Poughkeepsietapes The Poughkeepsie Tapes
Dir. John Erick Dowdle, 2007
Like my film, played at Tribeca 2007. Extremely well-done A&E-style faux-documentary about the fictitious “Water Street Butcher” who shot thousands of hours of video footage while terrorizing upstate
—one unfortunate girl in particular. Perfectly executed, with some very inventive and subtle choices.

End of the Line
Dir. Maurice Devereaux, 2006
This film has been wowing festival crowds for over a year now, and it deserves the praise it has received. A refreshing combo of jump-out-of-your-seat scares and wildly twisted (but not that implausible) antagonists—a group of religiously obsessed cult followers seeking
“salvation.” Takes place mostly in subway tunnels. Hopefully getting a proper release soon.


Dir. Billy O’Brien, 2007
Beautifully dark cinematography and a super eerie Irish farm setting make this lo-fi “monster” movie incredibly unsettling. Any plot synopsis will just sound hokey. Imagine
Alien, if it took place on a remote cattle farm. The special effects are some of the most delightfully cringe-inducing in years and the overall sense of dread is very well-handled.

Dir. Nacho Cerdà, 1994
One of the more disturbing pieces of narrative filmmaking for those with a high tolerance for intensity. This infamous short film chronicles an autopsy which ends badly for the cadaver, but it’s captured with an astonishing eye for detail and anatomical accuracy. Great instance of beautiful technical filmmaking applied to gruesome subject matter. Available on Netflix.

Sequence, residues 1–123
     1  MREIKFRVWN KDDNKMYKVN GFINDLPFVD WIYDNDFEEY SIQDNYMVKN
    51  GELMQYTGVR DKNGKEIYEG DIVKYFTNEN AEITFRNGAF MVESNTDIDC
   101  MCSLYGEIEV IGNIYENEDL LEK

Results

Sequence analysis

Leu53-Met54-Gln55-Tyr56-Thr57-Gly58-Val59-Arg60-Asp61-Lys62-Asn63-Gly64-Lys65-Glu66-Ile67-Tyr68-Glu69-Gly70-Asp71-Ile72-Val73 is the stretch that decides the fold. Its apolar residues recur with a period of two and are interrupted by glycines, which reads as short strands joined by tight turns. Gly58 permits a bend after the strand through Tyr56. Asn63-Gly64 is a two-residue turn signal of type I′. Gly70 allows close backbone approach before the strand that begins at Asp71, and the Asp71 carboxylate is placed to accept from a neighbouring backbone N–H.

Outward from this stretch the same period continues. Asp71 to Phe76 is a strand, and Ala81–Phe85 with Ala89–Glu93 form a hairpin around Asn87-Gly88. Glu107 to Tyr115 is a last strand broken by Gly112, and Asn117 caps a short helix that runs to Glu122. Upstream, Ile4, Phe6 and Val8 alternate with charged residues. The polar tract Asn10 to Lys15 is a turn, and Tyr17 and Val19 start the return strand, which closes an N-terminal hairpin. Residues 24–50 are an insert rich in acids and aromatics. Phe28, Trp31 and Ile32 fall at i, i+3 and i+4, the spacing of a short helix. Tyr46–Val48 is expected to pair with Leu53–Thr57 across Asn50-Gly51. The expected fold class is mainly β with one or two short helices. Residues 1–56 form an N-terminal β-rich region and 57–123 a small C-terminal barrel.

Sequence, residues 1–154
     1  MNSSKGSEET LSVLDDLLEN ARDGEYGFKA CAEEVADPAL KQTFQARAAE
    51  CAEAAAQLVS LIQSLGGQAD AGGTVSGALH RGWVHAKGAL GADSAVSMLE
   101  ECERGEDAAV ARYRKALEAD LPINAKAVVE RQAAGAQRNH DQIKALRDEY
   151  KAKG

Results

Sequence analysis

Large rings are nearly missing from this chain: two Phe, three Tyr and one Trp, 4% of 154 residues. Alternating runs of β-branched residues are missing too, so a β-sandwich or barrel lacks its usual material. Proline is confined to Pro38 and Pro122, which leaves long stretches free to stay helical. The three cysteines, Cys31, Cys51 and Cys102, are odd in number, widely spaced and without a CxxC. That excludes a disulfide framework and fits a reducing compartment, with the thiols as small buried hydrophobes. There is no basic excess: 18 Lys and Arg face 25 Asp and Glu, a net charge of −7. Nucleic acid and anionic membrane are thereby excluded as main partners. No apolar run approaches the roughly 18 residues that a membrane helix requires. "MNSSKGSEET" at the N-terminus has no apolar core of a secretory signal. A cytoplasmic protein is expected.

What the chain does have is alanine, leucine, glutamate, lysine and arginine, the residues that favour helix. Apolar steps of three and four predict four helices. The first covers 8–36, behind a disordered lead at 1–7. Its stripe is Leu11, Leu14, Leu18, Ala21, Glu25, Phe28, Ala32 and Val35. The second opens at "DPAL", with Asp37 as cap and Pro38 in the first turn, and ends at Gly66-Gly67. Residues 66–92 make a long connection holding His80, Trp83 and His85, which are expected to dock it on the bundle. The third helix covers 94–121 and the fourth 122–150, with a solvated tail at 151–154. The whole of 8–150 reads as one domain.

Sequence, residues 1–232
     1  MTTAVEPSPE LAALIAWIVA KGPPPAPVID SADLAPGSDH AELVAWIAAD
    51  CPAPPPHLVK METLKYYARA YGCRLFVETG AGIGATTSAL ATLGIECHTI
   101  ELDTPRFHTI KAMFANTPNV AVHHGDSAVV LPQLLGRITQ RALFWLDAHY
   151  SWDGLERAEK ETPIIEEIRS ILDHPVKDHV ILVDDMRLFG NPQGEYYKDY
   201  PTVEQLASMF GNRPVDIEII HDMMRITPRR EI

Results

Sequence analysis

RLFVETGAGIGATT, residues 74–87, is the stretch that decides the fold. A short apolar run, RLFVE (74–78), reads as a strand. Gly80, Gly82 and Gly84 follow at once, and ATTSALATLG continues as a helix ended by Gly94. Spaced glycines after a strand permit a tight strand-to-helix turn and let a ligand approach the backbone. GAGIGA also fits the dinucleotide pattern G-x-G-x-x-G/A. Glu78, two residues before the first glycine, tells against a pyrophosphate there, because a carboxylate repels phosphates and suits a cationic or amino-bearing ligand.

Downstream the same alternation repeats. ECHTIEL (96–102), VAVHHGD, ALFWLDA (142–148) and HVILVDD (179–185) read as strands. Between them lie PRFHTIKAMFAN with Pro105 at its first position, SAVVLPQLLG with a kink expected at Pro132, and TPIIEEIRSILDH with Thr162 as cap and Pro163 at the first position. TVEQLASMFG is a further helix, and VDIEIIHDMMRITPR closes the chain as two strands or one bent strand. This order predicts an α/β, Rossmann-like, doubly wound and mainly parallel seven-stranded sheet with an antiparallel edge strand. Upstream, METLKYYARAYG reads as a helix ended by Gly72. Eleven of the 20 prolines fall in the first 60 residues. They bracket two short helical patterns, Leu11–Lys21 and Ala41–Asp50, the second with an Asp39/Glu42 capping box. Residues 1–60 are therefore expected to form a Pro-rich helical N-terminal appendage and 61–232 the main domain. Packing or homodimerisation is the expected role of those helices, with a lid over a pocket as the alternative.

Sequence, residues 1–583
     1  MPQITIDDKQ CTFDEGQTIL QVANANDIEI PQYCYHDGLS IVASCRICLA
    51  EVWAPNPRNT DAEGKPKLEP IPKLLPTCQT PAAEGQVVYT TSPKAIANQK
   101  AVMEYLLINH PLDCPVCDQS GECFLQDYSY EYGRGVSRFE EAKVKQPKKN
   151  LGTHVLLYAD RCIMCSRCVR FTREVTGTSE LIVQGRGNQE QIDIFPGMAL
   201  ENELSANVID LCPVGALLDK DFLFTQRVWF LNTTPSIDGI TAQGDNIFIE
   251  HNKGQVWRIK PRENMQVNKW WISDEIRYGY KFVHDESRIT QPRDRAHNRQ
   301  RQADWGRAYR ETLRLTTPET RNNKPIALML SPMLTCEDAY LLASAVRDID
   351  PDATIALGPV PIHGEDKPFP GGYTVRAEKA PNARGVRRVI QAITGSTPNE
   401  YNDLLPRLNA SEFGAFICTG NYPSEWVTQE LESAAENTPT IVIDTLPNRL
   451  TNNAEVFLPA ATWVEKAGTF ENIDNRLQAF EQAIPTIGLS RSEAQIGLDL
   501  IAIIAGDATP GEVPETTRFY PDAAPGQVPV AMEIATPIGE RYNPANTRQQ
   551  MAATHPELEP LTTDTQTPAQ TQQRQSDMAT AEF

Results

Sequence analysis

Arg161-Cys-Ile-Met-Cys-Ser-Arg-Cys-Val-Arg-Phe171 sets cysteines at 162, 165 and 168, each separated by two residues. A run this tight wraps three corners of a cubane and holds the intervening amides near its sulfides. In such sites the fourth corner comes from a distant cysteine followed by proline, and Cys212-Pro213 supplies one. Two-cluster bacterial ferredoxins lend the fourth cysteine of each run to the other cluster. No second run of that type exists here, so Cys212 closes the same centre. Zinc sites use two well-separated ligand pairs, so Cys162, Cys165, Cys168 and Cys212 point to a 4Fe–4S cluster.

The Nameless (Los sin nombre)
Dir. Jaume Balagueró, 1999
Balagueró’s first feature, adapted from the pitch-black Ramsey Campbell novel. Brutal mystery about a woman who receives a panicked phone call from her daughter, seven years after the girl was murdered. More intense plot twists to come. Grimy locations and story with cinematography that makes you feel like you’re watching
Se7en with sunglasses.



A Tale of Two Sisters
Dir. Ji-woon Kim, 2003
One of the most gorgeous films out there. A Korean horror movie that has great crossover appeal for those who want a beautifully realized art film. Haunting, scary, and hypnotizing to watch and listen to. Direction, production design, and cinematography are all perfect—with a brilliant use of wallpaper, of all things.

Soft for Digging
Dir. J.T. Petty, 2000
Unique and effective do-it-yourself filmmaking, made as a thesis project and finished as a haunting, almost-silent film about an old man in the woods who may or may not have witnessed a young girl’s murder. Back-to-basics visual filmmaking, with amazing simplicity, patience, and ability to use what’s already there to tell a story.

Bubba Ho-Tep
Dir. Don Coscarelli, 2002
A cult classic in every way. Based on the Joe Lansdale novella about an aging Elvis impersonator who believes he actually is Elvis (played to perfection by Bruce Campbell). He teams up with Ossie Davis (who believes he is JFK) to stop a mummy who’s been knocking off old ladies at theirTexas

retirement home. Ossie Davis is BRILLIANT!






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, which spawned two interesting sequels. Great mash-up of two very different genres, and some great werewolf FX.


After Dark, and other festivals around the world. For more on Mulberry Street, visit the official site.

Given the spooky date, we figured he was just the man to give us a tour of the world of independent horror. Here’s what he told us: